In the case of smoking, anyway, the transfer argument is empirically false. Economists who looked at the figures in many countries (including Robert Leu and Thomas Schaub in Switzerland, Willard Manning in the U.S., Raynauld and Vidal in Canada, and Jean-Jacques Rosa in France) discovered that net transfers go the other way around if one factors in tobacco taxes paid by smokers plus the savings that their early deaths brings to public pension plans and other kinds of old-age care. Not only do smokers pay their way, but they actually subsidize non-smokers. Interestingly, Public Health activists have turned this defeat to their advantage: they now argue that this is simply "not the kind of calculation that a civilized society engages in," as MIT Prof. Jeffrey Harris puts it.
The World Bank's Arguments
After the economists' analytical assault, the case for smoking regulations seemed pretty thin in the early 1990s. Then, a new argument was proposed by World Bank economist Howard Barnum. It relied on welfare economics, a field of neoclassical economic theory designed to show that "market failures," created by external costs or other types of "externalities" (phenomena that bypass the market), prevent free markets from maximizing social welfare. The welfare-economics argument against smoking has since been refined by other economists working with the World Bank, and has provided the intellectual basis for the Bank's 1999 report on the smoking "epidemic."
The argument runs as follows. Smoking is not like other consumption choices, and the economic presumption of market efficiency does not apply. This is because, as the World Bank puts it, "many smokers are not fully aware of the high probability of disease and premature death," and because of the addictive nature of tobacco. Consequently, the demand that smokers bring to the market does not represent the true benefits of tobacco for them. Externalities transform what would be private risks and costs of the smoker himself into social costs. Reducing tobacco consumption (or eliminating it, in the original Barnum version) would increase net social benefits.
The first question is whether addiction really take over the free will of its impotent victims. Statistics show that half of non-smokers are former smokers, which suggests that quitting is not infinitely costly. Many smokers claim that they would like to quit, but that they are unable to. Words are only words and, in the economist's eyes, an actual choice to smoke reveals that, all costs and advantages being considered, this is what the smoker prefers to do. Analogously, notes Kip Viscusi, half the residents of Los Angeles claim that they would like to move out, but never do. There is much everyday evidence that one is "addicted" to tobacco because one likes it, not the other way around: many former smokers start again months or even years after any withdrawal symptom has long gone away, and smokers prefer a cigarette to nicotine gum or patches.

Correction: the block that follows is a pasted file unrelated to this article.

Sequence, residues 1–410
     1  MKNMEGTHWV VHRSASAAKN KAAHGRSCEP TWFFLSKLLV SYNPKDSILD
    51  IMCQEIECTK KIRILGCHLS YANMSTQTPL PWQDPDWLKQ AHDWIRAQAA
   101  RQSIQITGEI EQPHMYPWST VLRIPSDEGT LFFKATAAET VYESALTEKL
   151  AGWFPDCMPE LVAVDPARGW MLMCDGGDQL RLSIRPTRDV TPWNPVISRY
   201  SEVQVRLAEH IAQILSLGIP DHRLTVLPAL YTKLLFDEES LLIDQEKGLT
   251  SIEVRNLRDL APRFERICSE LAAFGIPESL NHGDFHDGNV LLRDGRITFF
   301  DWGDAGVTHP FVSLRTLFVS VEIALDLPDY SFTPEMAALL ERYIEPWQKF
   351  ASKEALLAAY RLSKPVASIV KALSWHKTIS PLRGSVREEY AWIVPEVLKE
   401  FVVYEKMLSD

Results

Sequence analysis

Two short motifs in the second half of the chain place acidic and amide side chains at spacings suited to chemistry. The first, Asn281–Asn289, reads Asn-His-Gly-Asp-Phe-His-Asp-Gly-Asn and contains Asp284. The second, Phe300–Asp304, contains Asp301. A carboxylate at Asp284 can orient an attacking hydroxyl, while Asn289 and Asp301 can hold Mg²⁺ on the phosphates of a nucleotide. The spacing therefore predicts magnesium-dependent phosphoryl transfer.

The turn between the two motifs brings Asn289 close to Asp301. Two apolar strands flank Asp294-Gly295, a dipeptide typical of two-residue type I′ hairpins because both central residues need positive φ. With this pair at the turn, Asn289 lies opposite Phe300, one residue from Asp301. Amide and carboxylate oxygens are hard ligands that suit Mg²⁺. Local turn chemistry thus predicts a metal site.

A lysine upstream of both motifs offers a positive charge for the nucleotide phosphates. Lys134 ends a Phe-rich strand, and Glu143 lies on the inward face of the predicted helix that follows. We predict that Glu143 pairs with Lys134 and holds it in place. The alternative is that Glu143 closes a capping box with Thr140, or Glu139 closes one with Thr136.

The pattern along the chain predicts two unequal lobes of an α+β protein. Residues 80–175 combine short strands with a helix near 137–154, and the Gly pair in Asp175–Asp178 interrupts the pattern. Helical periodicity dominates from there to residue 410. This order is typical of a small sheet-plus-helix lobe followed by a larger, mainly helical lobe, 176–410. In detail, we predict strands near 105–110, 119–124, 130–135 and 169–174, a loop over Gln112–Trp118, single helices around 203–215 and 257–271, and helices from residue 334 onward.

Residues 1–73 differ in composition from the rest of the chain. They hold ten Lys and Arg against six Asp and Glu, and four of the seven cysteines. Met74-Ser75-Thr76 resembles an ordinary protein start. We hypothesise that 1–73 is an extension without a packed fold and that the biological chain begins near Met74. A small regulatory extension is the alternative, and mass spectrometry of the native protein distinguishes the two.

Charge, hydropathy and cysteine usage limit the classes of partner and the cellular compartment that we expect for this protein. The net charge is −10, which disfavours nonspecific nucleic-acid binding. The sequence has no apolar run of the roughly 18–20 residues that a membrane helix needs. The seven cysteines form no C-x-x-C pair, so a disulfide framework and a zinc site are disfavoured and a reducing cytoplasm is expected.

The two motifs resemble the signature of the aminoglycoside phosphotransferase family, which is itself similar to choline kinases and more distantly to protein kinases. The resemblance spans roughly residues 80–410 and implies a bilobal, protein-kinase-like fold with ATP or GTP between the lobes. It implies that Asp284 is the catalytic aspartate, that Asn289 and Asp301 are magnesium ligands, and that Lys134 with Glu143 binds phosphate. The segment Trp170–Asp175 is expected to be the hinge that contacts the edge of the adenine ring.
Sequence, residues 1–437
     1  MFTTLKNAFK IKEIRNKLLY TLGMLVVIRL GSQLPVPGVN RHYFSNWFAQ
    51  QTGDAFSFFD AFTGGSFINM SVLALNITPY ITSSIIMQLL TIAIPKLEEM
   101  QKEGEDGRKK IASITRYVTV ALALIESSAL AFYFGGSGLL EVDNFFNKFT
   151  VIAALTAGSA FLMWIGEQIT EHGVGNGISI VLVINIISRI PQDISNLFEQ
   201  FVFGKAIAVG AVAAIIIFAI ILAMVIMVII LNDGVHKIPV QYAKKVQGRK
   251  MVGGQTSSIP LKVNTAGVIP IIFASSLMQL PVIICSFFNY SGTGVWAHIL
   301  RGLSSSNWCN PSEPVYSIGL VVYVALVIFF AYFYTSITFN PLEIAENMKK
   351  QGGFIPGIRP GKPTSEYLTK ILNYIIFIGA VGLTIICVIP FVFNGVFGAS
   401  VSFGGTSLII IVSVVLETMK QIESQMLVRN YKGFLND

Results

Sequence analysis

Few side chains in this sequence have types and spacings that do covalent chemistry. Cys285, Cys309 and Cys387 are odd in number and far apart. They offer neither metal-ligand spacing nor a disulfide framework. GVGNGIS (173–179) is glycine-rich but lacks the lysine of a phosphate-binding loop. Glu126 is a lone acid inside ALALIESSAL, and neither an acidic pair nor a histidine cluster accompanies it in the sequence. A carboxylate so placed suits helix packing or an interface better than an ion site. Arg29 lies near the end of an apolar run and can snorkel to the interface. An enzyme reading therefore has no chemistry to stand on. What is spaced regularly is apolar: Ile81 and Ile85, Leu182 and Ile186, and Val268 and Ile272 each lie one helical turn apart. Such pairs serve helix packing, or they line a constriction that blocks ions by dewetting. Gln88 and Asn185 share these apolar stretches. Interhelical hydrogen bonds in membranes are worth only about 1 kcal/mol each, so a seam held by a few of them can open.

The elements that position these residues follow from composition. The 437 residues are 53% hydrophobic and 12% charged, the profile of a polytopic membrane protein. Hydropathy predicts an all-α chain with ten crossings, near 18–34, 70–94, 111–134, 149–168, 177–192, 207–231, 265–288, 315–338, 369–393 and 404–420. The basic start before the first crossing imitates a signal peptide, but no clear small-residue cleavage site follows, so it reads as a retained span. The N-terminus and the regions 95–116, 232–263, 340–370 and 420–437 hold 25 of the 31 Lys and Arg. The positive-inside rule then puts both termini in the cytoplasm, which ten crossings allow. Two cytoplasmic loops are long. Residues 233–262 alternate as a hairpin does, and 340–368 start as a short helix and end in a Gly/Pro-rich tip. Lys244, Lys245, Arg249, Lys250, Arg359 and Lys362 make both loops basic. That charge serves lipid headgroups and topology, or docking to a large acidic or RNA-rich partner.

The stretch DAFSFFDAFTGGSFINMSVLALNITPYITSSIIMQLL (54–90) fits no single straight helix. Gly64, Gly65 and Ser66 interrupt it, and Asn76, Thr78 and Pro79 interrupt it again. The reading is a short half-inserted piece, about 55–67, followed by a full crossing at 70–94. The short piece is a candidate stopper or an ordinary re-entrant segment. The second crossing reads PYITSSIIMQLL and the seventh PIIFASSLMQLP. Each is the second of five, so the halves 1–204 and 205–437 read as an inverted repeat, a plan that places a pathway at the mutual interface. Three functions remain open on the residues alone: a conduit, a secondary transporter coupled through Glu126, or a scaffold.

Moreover, the theory of "rational addiction", developed mainly by Gary Becker, a Nobel Prize-winning economist, has brought addictive behavior into the realm of rational choice. An addictive good is defined as one whose utility is a function of previous consumption: the more you have consumed, the better you are likely to appreciate it—like for alcohol, drugs, music, television, or religion. Individuals become addicted to something because, given their own circumstances, they judge the benefits higher than the costs, including possible withdrawal costs. One can test the rational addiction theory by testing whether addicts take future prices into consideration in their current demand for the addictive good (as a rational individual would, because he can get hooked into paying higher future prices). Indeed, it has been found that smokers are more responsive to long-term price changes.
The second basis of the World Bank argument lies in the assumed imperfect information about smoking risks. This is contradicted by research showing that American smokers actually overestimate the risks of smoking, compared to the claims of Public Health specialists themselves. While the smoker's risk of getting lung cancer during his life is estimated at around 10% in the scientific literature (much higher than the nonsmoker's risk), opinion polls show that the public's assessment of this risk is at least three times higher. Moreover, if perfect information may be a convenient assumption in formal neoclassical models, it is not an economic ideal as long as information is costly; i.e., as long as producing or gathering information requires the use of real resources including time, the scarce resource par excellence. The rational consumer will obtain additional bits of information only as long as their advantages are higher than their costs. This is why the typical consumer doesn't get a degree in mechanics before choosing a car, or a Ph.D. in electronics before buying a computer.
Secondhand Smoke and Property Rights
So far, so good: smokers only "hurt" themselves. (This is only a way of talking since they obviously expect to derive more benefits than costs from smoking.) But what about secondhand smoke? Assuming that secondhand smoke imposes inescapable "external (health) costs" on third parties, most economists (a least in the neoclassical tradition) would consider this as a real case of market failure, which calls for government intervention.
There is a double catch here. First, the health hazards of secondhand smoke may well turn out to be the hoax of the twentieth century. Regarding the 1992 EPA report that classified secondhand tobacco smoke as a "Group A carcinogen," U.S. District Judge William Osteen wrote, in a recent decision: "The court is faced with the ugly possibility that EPA adopted a methodology for each chapter, without explanation, based on the outcome sought in that chapter. ... The record and EPA's explanations to the court make it clear that using standard methodology, EPA could not produce statistically significant results with its selected studies" (Flue-Cured Tobacco Cooperative v. EPA, No. 6:93CV00370 at 60, 77, M.D.N.C. July 17, 1998).